As with digital editions of many books, the kindle edition of this book is not well formatted. Even worse, the formulae are not correctly transcribed, including inline formulae in the text, making reading it occasionally torturous and tiresome. If you actually need to use any of the equations in this book, you will, undoubtedly, struggle with deciphering an "o" from a lower-case sigma or other such minutia. You may end up guessing and guessing until the formula makes sense. In my opinion, such errors are unacceptable in digital or print at any price, and certainly not at a $70+ text-book price.
Other problems include:
- Organization is sometimes a problem. Different chapters sometimes overlap more than they should, and it's not clear where various things belog, despite spending an inordinate amount of time trying to classify effects in Chapter 1. eg the chapter on virtual analog effects inexplicably covers phasing and wah-wah (which both belong much more naturally in the chapter on filtering), as well as a few misc analog-emulating filters which do belong. You might expect this to be the chapter that covers tube emulation, since that is practically the definition of "virtual analog effects" these days, but that's actually in the non-linear processing chapter. Prepare to bookmark!
- Some of the sections are better than others, and some are relevant to everyday use while others more esoteric -- it's a little unclear to me how they decided to include what. (eg, Why was there no mention of dither except in the glossary? There may well be good reason for this, but it was unclear to me. It also contains a section on analog circuit emulation that explains something called Wave Digital Filter theory. I skimmed this section. It appears to be interesting, but I don't think the book gives enough information for you to put this theory to use without resorting to external references, so it's not clear to me why it's included at all. Again, I only skimmed the section, so I could be wrong.)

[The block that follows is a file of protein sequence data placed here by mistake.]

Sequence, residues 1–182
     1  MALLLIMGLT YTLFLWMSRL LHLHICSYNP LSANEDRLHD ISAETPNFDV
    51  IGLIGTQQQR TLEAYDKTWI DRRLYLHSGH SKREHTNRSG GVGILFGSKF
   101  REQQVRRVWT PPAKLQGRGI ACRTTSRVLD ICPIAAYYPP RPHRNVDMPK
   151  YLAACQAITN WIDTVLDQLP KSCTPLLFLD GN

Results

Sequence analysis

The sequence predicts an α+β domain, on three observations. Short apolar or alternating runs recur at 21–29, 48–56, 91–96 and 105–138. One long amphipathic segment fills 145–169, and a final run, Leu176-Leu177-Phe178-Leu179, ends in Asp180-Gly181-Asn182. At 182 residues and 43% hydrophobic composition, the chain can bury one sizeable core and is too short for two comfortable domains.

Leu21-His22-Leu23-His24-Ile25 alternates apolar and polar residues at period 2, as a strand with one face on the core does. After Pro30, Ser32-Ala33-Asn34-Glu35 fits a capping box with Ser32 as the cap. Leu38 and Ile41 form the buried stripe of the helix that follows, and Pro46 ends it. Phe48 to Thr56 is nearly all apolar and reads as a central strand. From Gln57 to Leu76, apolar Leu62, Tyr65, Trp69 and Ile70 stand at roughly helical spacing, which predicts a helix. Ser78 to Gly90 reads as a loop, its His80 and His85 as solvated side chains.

- Oddly, I couldn't find any reference whatsoever to the location of the source code online anywhere in the book. Of course it's easy to find ([...]) but this kind of thing is, well, sloppy.
With all that said, I can say I've found a fair bit of useful stuff in the book, and I do this sort of thing for a living, so that should make it clear that there's a ton of good material here, and most of it is explained in very clear language. Some chapters, like the one on automatic mixing, are written in extremely clear, refreshing and intuitive language.
All in all, some of this is an introductory book, some of this is a cookbook of practical code, and some of this is a book on basic theory. It doesn't really know what it wants to be. It's more of a hodge-podge of information about DA-FX than anything else. If you already know the basics, this will extend your knowledge quite nicely. If not, you might still learn a thing or two, but this is probably not the best starting point.